Bitcoin Testing Its February Low Of $6,600
Bitcoin continues its price slide since its December 16 peak last year at just under $20,000. From December to early February it fell to around $6,600 then rebounded to $11,500 in early March. Since then it has been on a steady decline and is now testing the February low.
[Ed note: Investing in cryptocoins or tokens is highly speculative and the market is largely unregulated. Anyone considering it should be prepared to lose their entire investment.]
The latest negative item to hit Bitcoin and pretty much all cryptocurrencies is a report from Nikkei Asian Review via Cointelegraph that two more cryptocurrency exchanges are shutting down, making a total of five since Japan’s Financial Services Authority, or FSA, started stepping up its enforcement activity in the wake of the Coincheck hack in January.
Mr. Exchange and Tokyo GateWay have decided that the regulatory hurdles are too great to stay in business. This is a translated portion of Mr. Exchanges posting, “After receiving business order improvement order from Fukuoka Financial Bureau on March 8, 2018, we have made efforts to improve items that were pointed out. As a result, indeed unfortunately, we judged that it is difficult to prepare a thorough attitude to respond to the recent changes in the situation related to the virtual currency, and decided on the policy to withdraw the application of the virtual currency exchange industry, so we will report I will do.”
This chart doesn’t capture late Friday and Saturday’s trading, so I have added a blue circle to show where it has been trading over the past 24 hours. The blue lines show the continuous downward trajectory and the February low, respectively. While it is difficult to see the magnitude, the last item to point out is that Bitcoin has substantially fallen below its 200 day moving average of $7,349, the green line.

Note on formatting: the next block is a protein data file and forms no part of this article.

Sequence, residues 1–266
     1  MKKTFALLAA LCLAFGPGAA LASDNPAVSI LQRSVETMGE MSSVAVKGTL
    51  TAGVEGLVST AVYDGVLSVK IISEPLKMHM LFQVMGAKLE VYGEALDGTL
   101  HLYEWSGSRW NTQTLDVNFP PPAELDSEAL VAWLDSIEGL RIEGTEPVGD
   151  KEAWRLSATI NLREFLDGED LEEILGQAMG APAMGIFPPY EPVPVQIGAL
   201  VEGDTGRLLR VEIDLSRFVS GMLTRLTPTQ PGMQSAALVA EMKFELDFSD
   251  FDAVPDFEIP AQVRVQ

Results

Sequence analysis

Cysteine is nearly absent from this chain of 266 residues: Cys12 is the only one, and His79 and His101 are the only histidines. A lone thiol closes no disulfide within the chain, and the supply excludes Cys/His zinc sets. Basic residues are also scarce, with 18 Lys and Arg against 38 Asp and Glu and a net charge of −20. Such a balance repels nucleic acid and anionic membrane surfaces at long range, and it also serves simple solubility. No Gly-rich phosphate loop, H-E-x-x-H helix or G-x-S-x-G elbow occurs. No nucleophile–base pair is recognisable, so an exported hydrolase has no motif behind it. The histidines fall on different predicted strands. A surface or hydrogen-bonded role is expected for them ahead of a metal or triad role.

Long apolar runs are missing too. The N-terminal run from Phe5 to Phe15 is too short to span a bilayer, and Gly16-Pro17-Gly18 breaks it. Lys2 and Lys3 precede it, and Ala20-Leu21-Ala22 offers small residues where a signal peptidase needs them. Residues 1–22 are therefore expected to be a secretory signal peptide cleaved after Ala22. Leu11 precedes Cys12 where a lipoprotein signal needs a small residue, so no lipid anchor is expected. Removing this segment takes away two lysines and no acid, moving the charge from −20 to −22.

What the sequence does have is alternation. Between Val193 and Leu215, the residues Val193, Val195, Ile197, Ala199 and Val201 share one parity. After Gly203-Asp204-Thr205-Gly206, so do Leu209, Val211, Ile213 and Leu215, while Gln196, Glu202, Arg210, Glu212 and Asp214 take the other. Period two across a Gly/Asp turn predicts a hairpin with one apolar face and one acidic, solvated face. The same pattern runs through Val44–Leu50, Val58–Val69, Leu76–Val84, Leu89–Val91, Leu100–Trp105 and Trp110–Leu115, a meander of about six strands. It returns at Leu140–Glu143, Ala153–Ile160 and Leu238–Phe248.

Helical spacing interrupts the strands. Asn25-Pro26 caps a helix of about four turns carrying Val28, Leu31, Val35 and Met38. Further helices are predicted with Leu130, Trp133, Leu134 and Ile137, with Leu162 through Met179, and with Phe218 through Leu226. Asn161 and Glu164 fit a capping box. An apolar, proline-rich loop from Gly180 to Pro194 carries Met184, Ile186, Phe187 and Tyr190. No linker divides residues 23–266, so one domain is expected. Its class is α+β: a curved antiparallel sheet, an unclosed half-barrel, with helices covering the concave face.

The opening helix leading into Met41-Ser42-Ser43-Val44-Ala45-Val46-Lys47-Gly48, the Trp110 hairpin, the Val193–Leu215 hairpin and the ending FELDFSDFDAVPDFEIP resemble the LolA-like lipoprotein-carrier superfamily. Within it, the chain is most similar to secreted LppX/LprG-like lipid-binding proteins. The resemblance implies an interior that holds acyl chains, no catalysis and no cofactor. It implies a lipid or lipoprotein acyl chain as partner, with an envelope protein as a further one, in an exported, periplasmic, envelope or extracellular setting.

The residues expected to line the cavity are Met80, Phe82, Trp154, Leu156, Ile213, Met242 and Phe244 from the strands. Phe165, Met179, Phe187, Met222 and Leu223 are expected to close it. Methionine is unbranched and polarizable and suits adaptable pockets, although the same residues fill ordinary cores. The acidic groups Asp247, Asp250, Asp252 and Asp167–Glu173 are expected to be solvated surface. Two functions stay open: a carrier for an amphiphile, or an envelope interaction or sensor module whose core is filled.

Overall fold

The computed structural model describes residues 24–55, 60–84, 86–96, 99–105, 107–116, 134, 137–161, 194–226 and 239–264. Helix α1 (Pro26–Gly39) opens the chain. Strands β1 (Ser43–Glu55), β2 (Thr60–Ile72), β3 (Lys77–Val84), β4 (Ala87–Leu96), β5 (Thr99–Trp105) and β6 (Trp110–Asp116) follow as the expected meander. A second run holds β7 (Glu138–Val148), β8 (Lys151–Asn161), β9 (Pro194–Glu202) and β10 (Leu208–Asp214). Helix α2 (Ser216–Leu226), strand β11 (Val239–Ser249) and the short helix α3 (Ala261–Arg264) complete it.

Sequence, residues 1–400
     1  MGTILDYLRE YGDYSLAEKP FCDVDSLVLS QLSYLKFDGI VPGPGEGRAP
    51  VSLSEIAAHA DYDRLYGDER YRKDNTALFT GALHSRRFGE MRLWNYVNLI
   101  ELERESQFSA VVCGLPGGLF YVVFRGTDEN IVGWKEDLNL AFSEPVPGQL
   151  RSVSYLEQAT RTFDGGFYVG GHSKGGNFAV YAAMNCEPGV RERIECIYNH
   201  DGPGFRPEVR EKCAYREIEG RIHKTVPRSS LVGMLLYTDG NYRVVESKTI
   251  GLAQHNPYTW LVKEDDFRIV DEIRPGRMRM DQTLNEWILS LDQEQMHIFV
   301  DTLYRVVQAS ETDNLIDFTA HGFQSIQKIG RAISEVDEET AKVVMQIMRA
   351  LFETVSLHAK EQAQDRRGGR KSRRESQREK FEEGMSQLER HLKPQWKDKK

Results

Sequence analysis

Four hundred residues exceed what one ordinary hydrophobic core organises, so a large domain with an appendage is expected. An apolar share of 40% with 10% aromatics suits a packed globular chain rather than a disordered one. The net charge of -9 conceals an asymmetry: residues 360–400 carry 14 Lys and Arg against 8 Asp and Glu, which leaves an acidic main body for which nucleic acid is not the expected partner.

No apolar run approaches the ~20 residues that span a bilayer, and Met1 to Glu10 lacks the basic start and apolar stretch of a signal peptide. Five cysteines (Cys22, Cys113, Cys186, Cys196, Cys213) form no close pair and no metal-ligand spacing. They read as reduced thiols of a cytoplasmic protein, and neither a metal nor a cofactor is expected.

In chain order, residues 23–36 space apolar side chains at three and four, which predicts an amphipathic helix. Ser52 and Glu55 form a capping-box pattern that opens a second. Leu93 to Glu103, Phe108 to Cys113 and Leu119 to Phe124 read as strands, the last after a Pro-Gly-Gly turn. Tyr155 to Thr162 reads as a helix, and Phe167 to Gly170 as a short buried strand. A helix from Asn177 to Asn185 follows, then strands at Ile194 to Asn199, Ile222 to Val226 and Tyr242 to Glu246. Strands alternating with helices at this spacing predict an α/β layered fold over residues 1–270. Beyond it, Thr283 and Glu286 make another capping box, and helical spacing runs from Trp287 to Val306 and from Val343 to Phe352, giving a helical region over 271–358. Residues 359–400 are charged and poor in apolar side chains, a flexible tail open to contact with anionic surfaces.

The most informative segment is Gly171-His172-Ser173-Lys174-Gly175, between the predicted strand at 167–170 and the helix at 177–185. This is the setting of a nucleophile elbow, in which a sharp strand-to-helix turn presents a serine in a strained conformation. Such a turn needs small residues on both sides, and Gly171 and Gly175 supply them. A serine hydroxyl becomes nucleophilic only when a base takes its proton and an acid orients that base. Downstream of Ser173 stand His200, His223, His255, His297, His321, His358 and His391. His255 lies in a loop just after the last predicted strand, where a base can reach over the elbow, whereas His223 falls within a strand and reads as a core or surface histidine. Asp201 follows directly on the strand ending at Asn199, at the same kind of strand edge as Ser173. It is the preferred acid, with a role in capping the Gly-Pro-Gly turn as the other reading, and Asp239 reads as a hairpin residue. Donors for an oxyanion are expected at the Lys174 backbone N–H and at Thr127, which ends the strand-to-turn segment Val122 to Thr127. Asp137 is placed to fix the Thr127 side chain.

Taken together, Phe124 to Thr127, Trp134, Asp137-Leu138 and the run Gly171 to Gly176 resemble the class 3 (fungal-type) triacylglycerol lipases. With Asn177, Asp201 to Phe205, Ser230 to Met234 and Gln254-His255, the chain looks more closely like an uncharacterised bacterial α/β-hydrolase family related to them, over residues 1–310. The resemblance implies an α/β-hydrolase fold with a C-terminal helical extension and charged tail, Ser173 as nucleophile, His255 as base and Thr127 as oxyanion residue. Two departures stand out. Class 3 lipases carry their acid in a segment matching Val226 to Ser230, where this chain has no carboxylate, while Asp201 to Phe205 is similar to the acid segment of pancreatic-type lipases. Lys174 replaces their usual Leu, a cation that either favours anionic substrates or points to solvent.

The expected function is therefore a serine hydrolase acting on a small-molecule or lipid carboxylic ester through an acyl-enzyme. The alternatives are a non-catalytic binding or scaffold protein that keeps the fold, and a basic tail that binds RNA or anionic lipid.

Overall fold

Japanese Yen accounts for about 11% to 16% of Bitcoin trades
Bitcoinity tracks Bitcoin price and trading volumes by exchanges and currencies. In the graph below it shows that the Japanese Yen has accounted for a fairly consistent 11% to 16% of Bitcoin trading. While I believe Japanese traders and investors should be able to buy and sell Bitcoin on overseas exchanges and in other currencies, I suspect not all of them will go through the hassle. The investors who want to just sell it off could be creating some of the selling pressure.
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